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The Group’s proposed development of Carmichael coal mine and rail project in Clermont Town, central Queensland, Australia, for instance, is in the midst of a raging controversy following pushback from locals.

Activists there have said the project would cause pollution and other environmental damage and even threatens to destroy indigenous cultures.

Similarly, Adani’s plan to sell power from its plant in the state of Jharkand, India, to next-door neighbour Bangladesh is under severe criticism for “over-charged” pricing – almost 2.74 times the generation cost.

A plan to import Australian coal from 8,000 kilometres away to generate power in India and then sold across the border to Bangladesh, has been criticised as “too convoluted.”

The power plant has also been tagged as a destructive project that is violating indigenous land rights, destroying precious water resources and the local environment, and putting threatened species at risk.

Two years back, India’s Central Bureau of Investigation had also registered a case of cheating and corruption against the Group and a former senior official for alleged irregularities in its tendering process and over-invoicing of equipment imports, to grab a larger share of incentives.

Best time to bet

Still, Adani thinks now is the best time to invest.

In the latest annual report of the group released in June, he said that the recent slump in economic growth notwithstanding, India will be one of the world’s top consumption centres and a manufacturing and services hub for the next several decades.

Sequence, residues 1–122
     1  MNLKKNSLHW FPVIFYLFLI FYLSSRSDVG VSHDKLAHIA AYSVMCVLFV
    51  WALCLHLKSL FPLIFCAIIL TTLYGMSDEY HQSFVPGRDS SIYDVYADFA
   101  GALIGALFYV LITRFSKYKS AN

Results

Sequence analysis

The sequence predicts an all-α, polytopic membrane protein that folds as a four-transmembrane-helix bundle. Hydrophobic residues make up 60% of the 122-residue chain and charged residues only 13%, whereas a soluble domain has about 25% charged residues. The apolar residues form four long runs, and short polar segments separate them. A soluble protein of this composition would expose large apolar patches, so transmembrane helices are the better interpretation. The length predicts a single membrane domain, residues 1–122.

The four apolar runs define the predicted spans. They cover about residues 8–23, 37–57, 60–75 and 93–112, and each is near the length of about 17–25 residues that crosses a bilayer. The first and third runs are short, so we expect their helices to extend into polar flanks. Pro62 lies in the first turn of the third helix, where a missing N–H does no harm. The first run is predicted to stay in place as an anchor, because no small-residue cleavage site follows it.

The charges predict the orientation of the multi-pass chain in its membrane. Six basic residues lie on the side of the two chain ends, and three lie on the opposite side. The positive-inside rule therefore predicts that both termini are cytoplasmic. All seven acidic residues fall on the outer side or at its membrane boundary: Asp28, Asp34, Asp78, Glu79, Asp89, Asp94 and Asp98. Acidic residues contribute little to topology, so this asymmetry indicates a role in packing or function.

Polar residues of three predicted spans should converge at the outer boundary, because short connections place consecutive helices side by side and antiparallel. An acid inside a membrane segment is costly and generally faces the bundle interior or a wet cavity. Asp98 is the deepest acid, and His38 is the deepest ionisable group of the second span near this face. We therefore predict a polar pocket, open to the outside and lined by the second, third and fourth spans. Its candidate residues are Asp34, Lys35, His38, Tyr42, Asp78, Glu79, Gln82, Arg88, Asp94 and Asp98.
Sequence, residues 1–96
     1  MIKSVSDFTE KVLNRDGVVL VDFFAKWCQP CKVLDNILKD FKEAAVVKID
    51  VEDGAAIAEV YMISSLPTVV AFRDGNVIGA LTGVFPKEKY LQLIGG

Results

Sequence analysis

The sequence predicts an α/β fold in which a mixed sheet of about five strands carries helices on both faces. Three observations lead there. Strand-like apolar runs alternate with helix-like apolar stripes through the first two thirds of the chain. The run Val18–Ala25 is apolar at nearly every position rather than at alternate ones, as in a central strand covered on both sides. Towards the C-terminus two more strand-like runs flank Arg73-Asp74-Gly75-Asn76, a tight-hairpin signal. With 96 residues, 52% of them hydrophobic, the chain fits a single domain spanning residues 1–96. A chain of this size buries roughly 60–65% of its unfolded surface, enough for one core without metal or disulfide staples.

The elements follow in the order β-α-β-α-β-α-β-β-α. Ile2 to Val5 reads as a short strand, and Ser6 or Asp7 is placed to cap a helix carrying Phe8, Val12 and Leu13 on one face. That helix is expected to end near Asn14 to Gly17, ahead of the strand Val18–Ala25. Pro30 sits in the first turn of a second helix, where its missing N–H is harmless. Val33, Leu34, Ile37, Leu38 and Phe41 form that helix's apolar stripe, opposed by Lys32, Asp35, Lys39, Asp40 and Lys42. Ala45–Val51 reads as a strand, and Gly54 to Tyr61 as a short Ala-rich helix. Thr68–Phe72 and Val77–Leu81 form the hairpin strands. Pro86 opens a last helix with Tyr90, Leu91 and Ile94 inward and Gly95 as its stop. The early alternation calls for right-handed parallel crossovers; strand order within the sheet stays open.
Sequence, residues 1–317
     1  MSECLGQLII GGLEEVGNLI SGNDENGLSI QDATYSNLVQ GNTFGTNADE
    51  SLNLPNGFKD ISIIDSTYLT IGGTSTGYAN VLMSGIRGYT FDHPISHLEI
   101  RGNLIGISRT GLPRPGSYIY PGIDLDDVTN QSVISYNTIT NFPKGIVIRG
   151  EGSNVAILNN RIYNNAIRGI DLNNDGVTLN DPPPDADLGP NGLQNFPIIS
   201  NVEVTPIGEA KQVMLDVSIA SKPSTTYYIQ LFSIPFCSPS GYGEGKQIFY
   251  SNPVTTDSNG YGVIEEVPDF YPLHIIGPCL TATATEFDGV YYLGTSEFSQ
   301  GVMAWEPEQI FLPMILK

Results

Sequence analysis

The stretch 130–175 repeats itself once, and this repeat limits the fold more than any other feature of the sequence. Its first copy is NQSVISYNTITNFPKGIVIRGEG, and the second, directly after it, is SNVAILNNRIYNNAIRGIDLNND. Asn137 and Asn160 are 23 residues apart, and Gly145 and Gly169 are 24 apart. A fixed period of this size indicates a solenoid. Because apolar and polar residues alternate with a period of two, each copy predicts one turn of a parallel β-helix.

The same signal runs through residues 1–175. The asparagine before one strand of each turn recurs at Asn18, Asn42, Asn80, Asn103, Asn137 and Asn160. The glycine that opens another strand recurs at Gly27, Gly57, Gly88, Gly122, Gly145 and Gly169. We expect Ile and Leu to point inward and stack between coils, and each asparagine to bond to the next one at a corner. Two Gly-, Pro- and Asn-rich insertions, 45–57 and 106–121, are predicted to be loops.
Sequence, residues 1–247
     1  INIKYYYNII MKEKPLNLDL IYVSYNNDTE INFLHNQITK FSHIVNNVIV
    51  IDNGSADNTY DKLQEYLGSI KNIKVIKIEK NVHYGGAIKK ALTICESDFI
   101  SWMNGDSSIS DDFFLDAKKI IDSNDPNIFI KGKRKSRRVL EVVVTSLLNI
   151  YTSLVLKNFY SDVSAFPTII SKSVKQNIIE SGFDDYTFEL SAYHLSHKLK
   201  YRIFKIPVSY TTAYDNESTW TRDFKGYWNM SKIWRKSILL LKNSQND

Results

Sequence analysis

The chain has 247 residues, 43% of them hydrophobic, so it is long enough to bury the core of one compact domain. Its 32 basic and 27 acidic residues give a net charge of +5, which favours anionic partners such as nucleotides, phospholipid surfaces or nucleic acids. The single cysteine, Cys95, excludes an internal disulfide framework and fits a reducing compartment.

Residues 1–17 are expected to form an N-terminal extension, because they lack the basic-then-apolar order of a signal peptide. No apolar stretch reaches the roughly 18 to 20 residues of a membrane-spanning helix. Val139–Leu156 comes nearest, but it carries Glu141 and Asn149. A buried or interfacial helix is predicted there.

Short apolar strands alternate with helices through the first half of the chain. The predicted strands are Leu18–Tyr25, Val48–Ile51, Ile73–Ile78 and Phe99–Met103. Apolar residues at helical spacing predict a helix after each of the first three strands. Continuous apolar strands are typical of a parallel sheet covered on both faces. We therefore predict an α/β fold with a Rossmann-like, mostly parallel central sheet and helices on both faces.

Yesterday, India’s Ministry of Statistics and Programme Implementation revealed that the country is in the throes of its deepest recession, as its Gross Domestic Product (GDP) for the April-June quarter slipped by a sharp 24%.

A decline was of course expected, owing to a pandemic lockdown that brought the economy to a virtual standstill in the first quarter, from which India is only now slowly and hesitantly exiting.

According to Adani, though, while the country’s battle with the virus is far from over, the actions of its leaders, doctors, healthcare workers, police, army, and its citizens have defined India and its resiliency.

“It will be one of the world’s top consumption centres, manufacturing and service hubs and a beacon of stable democratic governance,” he said. “If there was a time to make a bet on India, there may not be a better time than now.”

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Indrajit Basu

Indrajit Basu is an India-based correspondent for Asia Financial and wears two hats: journalist and researcher (equity). Before joining AF he reported on business, finance, technology, wealth management, and current affairs for China Daily, SCMP, UPI, India Today Group, Indian Express Group, and many more. He is also an award-winning researcher. If he didn't have to pay bills, he would be a wanderer.